Variety choice season is always enjoyable. Wheat-wise, I am a Skyfall/Crusoe man, as that is where my local central store can add most value, plus I remain underwhelmed with the current crop of Group 3s.
So I have been looking at the new milling offerings.
While Trinity is obviously promising, I wonder about the mediocre septoria rating and to my own surprise, it is the new high-yielding Group 2s that have caught my eye.
Much like in the heyday of Group 3s, they are tempting if you can get a yield as good as anything with the added bonus of a premium.
In particular, candidate variety Siskin, with its excellent disease resistance ratings (including a 7 for septoria) that give it an untreated yield of 95%, is food for thought.
By my calculation, working on typical fungicide and application costs and reasonable yields, a wheat price of about £150/t would be needed to make applying these fungicides worthwhile.
Maybe I will try half a tramline, in some short work, away from the road.
For my much reduced area of oilseed rape, I can’t help thinking I just have to go for the lowest possible upfront costs.
This would mean home-saving one of the two conventional varieties I have growing, Picto and Amelie.
Obviously the latter was grown for its turnip yellows virus tolerance and I will make a judgement after we see if this helps.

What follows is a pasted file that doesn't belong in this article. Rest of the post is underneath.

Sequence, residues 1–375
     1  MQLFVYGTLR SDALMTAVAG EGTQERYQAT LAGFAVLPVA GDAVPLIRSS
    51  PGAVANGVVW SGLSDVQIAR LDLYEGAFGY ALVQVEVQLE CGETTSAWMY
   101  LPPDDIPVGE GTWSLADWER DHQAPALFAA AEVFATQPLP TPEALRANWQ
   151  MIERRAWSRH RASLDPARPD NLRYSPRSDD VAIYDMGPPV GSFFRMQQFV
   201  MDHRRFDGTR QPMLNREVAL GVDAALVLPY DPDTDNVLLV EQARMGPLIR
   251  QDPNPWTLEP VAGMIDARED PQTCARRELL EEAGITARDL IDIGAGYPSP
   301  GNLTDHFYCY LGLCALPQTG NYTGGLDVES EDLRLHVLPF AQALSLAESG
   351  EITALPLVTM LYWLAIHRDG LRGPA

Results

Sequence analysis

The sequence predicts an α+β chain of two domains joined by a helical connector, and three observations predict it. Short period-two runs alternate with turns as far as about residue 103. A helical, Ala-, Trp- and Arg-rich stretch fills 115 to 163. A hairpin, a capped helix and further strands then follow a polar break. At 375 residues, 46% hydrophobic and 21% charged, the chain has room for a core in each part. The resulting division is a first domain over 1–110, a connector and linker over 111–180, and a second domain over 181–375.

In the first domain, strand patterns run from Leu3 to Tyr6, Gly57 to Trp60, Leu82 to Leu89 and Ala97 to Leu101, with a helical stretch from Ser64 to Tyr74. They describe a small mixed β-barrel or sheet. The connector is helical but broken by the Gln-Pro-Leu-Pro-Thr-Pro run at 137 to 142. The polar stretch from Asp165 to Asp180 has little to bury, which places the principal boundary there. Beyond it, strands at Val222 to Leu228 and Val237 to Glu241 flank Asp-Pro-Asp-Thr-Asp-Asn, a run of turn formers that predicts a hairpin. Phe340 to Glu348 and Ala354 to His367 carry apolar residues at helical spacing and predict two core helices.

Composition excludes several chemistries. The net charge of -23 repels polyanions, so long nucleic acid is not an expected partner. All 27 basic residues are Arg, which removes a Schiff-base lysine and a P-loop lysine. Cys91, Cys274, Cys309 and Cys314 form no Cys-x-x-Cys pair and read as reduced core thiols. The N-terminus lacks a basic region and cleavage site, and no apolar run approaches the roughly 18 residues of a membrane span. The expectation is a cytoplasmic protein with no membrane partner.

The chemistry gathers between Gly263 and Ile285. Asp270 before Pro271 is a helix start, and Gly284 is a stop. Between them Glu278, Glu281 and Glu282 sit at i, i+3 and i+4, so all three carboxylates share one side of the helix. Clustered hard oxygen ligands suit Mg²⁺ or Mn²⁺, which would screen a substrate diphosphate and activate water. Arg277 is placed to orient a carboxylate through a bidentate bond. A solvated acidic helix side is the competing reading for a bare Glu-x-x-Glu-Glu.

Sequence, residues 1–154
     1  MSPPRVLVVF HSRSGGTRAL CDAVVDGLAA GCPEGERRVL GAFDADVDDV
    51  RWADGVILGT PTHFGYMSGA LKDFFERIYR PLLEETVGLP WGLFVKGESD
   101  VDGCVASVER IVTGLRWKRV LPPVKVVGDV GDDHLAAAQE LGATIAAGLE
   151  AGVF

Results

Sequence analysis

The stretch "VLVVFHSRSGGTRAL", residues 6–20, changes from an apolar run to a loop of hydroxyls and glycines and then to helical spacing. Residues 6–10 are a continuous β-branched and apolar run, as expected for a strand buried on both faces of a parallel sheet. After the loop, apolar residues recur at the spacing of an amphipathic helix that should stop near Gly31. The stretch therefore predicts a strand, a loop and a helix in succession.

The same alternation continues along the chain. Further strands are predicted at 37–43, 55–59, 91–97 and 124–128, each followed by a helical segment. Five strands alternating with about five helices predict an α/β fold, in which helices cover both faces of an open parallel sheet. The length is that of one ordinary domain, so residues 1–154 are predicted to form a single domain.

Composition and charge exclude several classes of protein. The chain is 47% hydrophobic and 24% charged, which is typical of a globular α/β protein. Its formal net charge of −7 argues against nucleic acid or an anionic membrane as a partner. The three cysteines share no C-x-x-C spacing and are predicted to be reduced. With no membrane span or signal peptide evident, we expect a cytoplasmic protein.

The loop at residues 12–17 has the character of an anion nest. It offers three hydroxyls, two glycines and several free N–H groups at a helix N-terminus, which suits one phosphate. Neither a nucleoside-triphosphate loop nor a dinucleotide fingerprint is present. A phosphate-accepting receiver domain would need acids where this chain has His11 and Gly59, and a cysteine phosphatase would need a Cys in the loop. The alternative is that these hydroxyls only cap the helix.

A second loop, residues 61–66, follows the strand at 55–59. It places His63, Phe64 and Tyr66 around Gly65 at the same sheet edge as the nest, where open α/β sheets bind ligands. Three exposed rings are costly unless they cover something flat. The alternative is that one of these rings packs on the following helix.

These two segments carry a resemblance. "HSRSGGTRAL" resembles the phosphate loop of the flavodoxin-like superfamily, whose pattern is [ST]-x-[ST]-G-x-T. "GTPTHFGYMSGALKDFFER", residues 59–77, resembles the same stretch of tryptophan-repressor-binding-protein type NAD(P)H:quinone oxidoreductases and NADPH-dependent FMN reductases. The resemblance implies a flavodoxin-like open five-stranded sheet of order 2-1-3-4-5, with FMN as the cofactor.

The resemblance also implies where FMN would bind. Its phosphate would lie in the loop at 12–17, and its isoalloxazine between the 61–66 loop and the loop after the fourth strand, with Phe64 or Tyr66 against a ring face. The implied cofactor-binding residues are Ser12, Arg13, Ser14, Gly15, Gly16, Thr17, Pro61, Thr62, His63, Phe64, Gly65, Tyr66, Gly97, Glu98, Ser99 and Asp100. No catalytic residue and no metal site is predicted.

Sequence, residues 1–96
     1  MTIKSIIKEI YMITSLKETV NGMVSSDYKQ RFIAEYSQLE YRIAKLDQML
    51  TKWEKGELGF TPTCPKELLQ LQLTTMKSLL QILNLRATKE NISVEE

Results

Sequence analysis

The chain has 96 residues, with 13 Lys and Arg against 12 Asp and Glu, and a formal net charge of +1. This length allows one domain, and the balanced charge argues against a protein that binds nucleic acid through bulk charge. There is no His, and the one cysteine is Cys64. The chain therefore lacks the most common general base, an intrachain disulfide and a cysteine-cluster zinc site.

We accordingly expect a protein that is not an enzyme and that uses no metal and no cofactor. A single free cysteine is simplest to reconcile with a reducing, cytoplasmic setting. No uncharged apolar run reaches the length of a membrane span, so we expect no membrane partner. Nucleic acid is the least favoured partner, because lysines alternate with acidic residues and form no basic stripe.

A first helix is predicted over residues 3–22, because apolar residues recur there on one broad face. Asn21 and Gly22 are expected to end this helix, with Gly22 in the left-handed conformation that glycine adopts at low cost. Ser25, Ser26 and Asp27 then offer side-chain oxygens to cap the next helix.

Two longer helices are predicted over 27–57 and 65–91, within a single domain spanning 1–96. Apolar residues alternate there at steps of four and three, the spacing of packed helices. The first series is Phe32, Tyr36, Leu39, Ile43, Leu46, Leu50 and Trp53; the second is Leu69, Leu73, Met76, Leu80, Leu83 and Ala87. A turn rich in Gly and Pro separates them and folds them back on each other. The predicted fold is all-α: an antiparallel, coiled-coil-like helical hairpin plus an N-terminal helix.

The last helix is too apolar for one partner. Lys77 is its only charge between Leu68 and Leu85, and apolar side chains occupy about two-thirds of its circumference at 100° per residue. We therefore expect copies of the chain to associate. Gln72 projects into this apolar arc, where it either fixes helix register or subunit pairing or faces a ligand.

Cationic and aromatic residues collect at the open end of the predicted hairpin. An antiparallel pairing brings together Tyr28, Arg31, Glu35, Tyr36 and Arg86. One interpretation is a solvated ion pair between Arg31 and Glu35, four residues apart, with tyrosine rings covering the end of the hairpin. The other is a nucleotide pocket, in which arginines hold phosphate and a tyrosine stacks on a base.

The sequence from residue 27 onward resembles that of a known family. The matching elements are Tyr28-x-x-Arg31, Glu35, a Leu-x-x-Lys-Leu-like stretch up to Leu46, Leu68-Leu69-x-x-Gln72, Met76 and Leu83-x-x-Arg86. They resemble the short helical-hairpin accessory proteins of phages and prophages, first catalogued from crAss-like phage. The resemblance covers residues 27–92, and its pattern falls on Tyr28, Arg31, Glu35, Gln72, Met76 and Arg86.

Keeping upfront costs low may, unfortunately, have a bearing on my companion cropping experiments.
Now in my third year, it certainly looks as if we can get some nitrogen from them. But is that value any higher than the additional seed cost?
Having said that, I believe the overall concept has legs and am closely following my neighbour Andrew Howard’s AHDB-sponsored Nuffield scholarship blog on the subject.
Alternative companion options may be a clover I can direct drill the following wheat into or perhaps home-saved bean seed.
I could also reduce initial expenditure by ditching pre-emergence herbicides and relying solely on AstroKerb (aminopyralid + propyzamide) for weed control or perhaps by using a herbicide-tolerant Clearfield variety.
Andy Barr farms 630ha on a mixed family farm in Kent, including 430ha mainly of winter wheat, oilseed rape and spring barley. The rest is in an OELS scheme and grazing for 500 Romney ewes and 40 Sussex cattle.